A subline of the Omicron variant coronavirus, designated BA.2, is growing steadily around the world as scientists and public health officials are still working to understand the risk it poses to public health.
So far, the overall data has been mixed. Some recent laboratory and animal data suggest that BA.2 can cause more severe disease than the original omicron variant BA.1. But so far this finding has not been confirmed in real data. Countries where BA.2 is dominant do not see higher rates of serious illness. And in many places where BA.2 is increasing, cases are also declining, along with hospitalizations.
While animal studies suggest that BA.2 interacts with some immune responses differently than the original Omicron variant, real-world vaccine data to date shows that two doses and booster doses are as effective – if not slightly more effective – against BA.2 than BA.1.
However, everyone agrees on one thing: BA.2 is slightly more portable than BA.1, which was already considered ultra-portable. Studies have consistently found BA.2 to have a growth advantage, and current estimates suggest that Peg BA.2 transmission is approximately 30 to 40 percent higher than BA.1. This explains how BA.2 is now crushing BA.1’s global dominance.
BA.2 now accounts for at least 21 percent of all sequenced omicron cases worldwide. It has overtaken BA.1 as the dominant virus in at least 10 countries including Bangladesh, China, Denmark, India, Nepal, Pakistan and the Philippines. Where it rises, it rises fast. In South Africa, for example, BA.2 rose from 27 percent on February 4 to 86 percent on February 11. In the UK, BA.2 prevalence increased six-fold from 17 January to 31 January. And even in the US, it has more than tripled from 1.2 percent in the week ended January 29 to its most recent prevalence estimate of 3.9 percent on February 12.
Mostly good news
But these increases have not been accompanied by worrisome increases in serious illness and hospitalizations, as noted in a recent epidemiological report from the World Health Organization. In Denmark, where BA.2 is fast approaching 100 percent of all infections, researchers have seen no difference in hospital stays among people infected with BA.2 compared to BA.1. The analysis took into account gender, age, vaccination status, period, region, comorbidity and previous SARS-CoV-2 infection. In South Africa, where BA.2 also dominates, hospital admissions continue to decline. And in Nepal too, although BA.2 cases rose in February, cases continue to decline from late January, and use of critical care and mechanical ventilation is also declining.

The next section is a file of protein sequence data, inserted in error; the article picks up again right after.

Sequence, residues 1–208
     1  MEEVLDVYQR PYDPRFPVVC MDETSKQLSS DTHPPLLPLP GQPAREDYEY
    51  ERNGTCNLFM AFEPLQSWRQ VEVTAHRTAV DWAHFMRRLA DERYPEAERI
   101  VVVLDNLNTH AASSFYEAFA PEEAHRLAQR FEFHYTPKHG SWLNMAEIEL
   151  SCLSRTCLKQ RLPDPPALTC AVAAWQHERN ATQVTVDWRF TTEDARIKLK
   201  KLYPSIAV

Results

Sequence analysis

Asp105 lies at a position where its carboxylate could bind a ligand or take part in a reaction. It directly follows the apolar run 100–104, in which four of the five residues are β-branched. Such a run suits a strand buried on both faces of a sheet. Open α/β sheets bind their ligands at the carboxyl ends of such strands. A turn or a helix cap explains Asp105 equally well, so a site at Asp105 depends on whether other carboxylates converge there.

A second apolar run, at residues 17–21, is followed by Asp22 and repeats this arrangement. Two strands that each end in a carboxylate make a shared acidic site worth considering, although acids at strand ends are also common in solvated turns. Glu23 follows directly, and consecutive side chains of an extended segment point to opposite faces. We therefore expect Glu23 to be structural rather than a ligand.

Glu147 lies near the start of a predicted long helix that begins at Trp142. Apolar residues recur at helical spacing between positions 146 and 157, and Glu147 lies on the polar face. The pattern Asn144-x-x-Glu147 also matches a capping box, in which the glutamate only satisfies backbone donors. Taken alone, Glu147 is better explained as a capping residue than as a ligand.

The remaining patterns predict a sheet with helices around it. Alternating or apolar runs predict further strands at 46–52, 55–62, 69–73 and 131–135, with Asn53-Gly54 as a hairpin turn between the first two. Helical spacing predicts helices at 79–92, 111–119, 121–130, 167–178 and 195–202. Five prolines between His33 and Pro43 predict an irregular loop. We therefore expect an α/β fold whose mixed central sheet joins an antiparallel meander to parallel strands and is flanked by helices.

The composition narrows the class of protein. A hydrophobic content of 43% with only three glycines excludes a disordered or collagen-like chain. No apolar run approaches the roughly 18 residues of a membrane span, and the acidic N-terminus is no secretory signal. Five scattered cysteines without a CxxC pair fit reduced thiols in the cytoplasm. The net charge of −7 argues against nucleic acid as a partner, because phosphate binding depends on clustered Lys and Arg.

Taken together, these data are reassuring a current preprint Study suggesting that BA.2 appears to be more pathogenic than BA.1 – at least in laboratory and animal studies. The study, led by researchers from the University of Tokyo, found that BA.2 can bind to human cells better than BA.1 and can be replicated at higher concentrations in lung and nasal cells. In experiments with hamsters, the researchers also found that BA.2 caused more severe lung disease than BA.1. Work in hamsters and mice also suggested that BA.2 might thwart the immune responses generated on BA.1. But that finding didn’t hold up statistically when the researchers compared BA.2 to antibody samples from three unvaccinated people who had recovered from BA.1. The rodent data are also in conflict with the above real data from Denmark.
Vaccine efficacy data from the UK and Denmark offers even more comfort. A recent report from the UK Health Security Agency found that current vaccines against BA.2 are just as effective – if not slightly more effective – than BA.1. Specifically, 25 weeks after a second dose, the vaccines were 10 percent effective against symptomatic COVID-19 from BA.1 but 18 percent effective against BA.2. Protection against symptomatic infection by BA.1 increased to 69 percent two weeks after a booster dose, but protection against BA.2 increased to 74 percent. Preliminary data from Denmark, mentioned in the WHO report, found that vaccinated individuals with breakthrough BA.2 infections were less likely to transmit the infection to household contacts than vaccinated individuals infected with BA.1
Overall, the WHO concluded that this “suggests that vaccination is at least as effective in preventing acquisition of BA.2 and may be more effective in preventing transmission of BA.2 compared to BA.1”.
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